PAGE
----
What It All Meant

The arrest of the conspirators broke up a very carefully organised ring, one that had planned its actions subtly and carefully – and even then it was sheer luck that the police found out it involved more than one game. Although it affected Asian betting, it thankfully left no slur or question mark on English football, and precautions were put in place to ensure it couldn’t happen again.

You might also like...
Share Your Story, Join the Discussion or Seek Advice..
Why not be the first to leave a comment for discussion, ask for advice or share your story...

If you'd like to ask a question one of our experts (workload permitting) or a helpful reader hopefully can help you... We also love comments and interesting stories

Title:
(never shown)
Firstname:
(never shown)
Surname:
(never shown)
Email:
(never shown)
Nickname:
(shown)
Comment:
Validate:
Enter word:
Latest Comments
  • Samh1979
    Re: Builder's Scams
    Don’t fall foul of Arren Safavi from Lancashire decking. He looks and acts all professional however once the deposit is paid that’s him doing a…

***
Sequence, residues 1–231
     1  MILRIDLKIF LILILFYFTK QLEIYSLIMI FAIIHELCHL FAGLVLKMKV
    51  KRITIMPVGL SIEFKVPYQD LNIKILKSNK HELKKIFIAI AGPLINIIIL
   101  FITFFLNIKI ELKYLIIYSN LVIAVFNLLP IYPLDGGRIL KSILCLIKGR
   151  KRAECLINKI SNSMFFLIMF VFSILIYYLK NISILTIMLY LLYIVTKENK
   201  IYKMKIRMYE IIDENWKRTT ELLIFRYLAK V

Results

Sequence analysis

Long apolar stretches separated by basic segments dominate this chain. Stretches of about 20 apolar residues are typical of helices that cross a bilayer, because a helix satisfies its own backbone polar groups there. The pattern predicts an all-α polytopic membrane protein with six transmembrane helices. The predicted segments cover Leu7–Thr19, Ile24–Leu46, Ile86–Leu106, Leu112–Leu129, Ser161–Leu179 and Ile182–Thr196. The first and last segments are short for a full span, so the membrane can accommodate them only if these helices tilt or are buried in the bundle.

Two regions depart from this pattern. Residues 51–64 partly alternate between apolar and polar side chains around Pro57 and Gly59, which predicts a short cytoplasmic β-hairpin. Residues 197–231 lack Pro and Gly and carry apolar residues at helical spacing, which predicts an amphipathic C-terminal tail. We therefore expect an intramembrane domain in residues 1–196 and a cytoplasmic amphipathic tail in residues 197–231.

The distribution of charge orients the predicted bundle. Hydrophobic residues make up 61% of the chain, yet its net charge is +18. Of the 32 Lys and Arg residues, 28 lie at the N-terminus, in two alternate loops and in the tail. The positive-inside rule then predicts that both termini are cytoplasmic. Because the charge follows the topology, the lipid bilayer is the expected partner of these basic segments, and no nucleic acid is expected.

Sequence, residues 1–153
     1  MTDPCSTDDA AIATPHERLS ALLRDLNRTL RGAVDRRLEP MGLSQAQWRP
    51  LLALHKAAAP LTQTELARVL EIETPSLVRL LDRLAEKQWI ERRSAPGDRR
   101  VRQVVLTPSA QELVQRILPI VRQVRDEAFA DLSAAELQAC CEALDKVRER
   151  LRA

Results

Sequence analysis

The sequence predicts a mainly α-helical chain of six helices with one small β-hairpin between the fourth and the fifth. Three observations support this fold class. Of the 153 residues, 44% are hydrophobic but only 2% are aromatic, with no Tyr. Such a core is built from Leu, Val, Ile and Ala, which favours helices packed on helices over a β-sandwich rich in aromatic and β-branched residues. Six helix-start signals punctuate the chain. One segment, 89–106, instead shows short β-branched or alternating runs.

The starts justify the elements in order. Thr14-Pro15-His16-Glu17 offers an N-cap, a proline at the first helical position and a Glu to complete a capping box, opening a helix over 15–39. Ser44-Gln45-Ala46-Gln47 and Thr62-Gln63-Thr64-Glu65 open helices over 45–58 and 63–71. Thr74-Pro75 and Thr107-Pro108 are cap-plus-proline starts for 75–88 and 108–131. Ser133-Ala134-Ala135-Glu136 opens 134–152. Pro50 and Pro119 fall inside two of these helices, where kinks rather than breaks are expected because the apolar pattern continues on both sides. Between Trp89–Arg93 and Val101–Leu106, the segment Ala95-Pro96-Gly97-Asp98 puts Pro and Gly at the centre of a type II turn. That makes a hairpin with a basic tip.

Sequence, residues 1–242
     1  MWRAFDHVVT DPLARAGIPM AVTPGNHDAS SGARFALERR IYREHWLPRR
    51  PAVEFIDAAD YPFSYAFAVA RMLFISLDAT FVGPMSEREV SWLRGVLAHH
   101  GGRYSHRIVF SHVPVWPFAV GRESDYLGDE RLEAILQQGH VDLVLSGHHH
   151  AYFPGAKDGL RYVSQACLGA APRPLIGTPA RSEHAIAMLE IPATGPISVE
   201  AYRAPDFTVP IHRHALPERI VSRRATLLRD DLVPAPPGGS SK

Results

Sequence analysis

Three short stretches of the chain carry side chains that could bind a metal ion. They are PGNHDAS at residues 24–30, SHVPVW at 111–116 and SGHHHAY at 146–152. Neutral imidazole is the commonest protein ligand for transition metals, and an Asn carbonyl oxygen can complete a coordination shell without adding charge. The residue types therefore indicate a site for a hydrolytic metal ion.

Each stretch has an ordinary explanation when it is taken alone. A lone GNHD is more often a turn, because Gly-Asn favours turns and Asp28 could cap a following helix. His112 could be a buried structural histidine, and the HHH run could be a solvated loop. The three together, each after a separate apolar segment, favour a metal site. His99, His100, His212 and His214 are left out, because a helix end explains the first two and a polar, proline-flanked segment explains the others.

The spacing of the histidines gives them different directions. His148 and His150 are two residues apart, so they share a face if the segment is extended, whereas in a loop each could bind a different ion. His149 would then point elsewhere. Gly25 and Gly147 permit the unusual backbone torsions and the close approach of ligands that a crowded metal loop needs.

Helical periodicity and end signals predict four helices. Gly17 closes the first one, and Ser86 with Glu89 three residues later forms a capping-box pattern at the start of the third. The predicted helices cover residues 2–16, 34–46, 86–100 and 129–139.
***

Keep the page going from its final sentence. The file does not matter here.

22 April 2022
  • Dia
    Re: Sky TV Scam
    I just received a call from someone saying from Sky not sure if it was genuine. Asked me for my address. Then my bank details, then my password for my…
    2 April 2022
  • Pepper
    Re: Scams And Seniors
    Scammed out of £12500 by a builder who has been to court several times. I paid by my debit card, have I any chance of getting compensation. I am…
    9 September 2021
  • snobbs
    Re: Builder's Scams
    We have been scammed by James Hookey & Libby Hookey... advertised for a roofer on fb, Libby contacted me to say James can help... he came quoted,…
    6 July 2021
  • Villager
    Re: Sky TV Scam
    I received a call from ‘Sky’ this week saying I had overpaid and was due a refund. This seemed fairly plausible as the day before I had telephoned Sky…
    10 June 2021
  • Sam
    Re: Builder's Scams
    Don't use Martin Jacques from swift cavity clear or swift building services based in Manchester.He did a awful job of my garden and charged thousands.
    1 June 2021
  • John
    Re: Bank Identification or BIN numbers Scam
    Okay I just don’t want to euryeurueiieoeoe you talking about to sleep or sleep no sleep sleep no cap on sleep and…
    6 May 2021
  • Scallywaggle
    Re: Builder's Scams
    I have been scammed by a man called James hookey, and his wife Libby hookey, from face book, asking for recommendation, for patio, The wife sends a…
    5 April 2021
  • don’t know
    Re: Vishing Scam
    Had a text message this morning form a mobile number saying that I’ve missed a delivery and that I needed to pay 1.50 to R.M. Lucky enough my iPhone…
    17 March 2021
  • d.a.smith
    Re: Builder's Scams
    DNF Builder and Plastering, based in North East (Newcastle/Gateshead/South Shields/Sunderland), run by David (Mancunian) and Ian. ***Do not…
    28 February 2021